Cashless stadium transactions may be convenient for spectators, but the concept doesn't have many fans among concessions vendors.

Six out of seven Mercedes-Benz Stadium vendors interviewed by Forbes said they are disappointed in the tips under the Atlanta venue's credit-card-only policy implemented this season. One vendor selling beer and water to patrons on the stadium's the 200-level concourse bemoaned a two-to-three-week delay for tips from sales made on a credit card machine worn around the vendor's neck.

Another vendor told Forbes that because the tips are taxed, they are lower than what could be counted on from cash exchanges. Tips are part of the U.S. underground economy of more than $2 trillion, and many tips are not reported as taxable income — a widespread but illegal practice.

Related: Mercedes-Benz Stadium to Be First to Go Cashless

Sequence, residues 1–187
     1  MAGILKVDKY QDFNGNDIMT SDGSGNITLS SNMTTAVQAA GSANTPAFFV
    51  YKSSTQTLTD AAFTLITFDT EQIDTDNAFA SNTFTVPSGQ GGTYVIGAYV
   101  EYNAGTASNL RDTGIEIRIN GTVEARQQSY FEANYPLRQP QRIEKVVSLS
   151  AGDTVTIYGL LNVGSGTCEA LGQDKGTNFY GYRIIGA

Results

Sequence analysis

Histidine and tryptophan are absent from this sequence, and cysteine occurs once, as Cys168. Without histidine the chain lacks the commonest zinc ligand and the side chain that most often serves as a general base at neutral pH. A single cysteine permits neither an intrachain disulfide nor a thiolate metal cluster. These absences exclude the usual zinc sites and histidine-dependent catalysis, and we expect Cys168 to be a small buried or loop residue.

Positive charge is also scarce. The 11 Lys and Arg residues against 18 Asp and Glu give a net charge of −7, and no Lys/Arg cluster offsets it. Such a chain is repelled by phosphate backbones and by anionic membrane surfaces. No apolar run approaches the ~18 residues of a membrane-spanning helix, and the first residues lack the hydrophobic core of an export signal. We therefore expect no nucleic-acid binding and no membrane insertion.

As reported by Forbes, a vendor behind one of the popular beer/wine/liquor gardens overlooking the field said tips were good. Fans leaning elbows on the bar as opposed to walking the concourse to order a drink will push the “tip” button on the machine. “I’m doing better,” the bartender said. “I can look at my tips after every game and see I’m doing better.”

Conversely, a different vendor behind a simple beer station said tips have been disappointing. “It is not better,” the vendor said. “People swipe the card and run off before doing the tip. I thought it would be better this season, but it’s not. It’s about the same as last.”

“Worse,” said a vendor behind another station. “Thanks for asking me. People don’t have cash and they don’t push the tip option.”

Mercedes-Benz Stadium, notable for its atypically low stadium food and beverage prices at Atlanta Falcons and Atlanta United games, appears to have placed a gag order on vendors when it comes to discussing their actual pay in the media. Vendors did reveal that they are not allowed to display tip jars. Fans with cash are required to convert to cards using machines inside the stadium.

Mercedes-Benz Stadium did not respond to Forbes' email request for comment.

Paul Steinbach is Senior Editor of Athletic Business.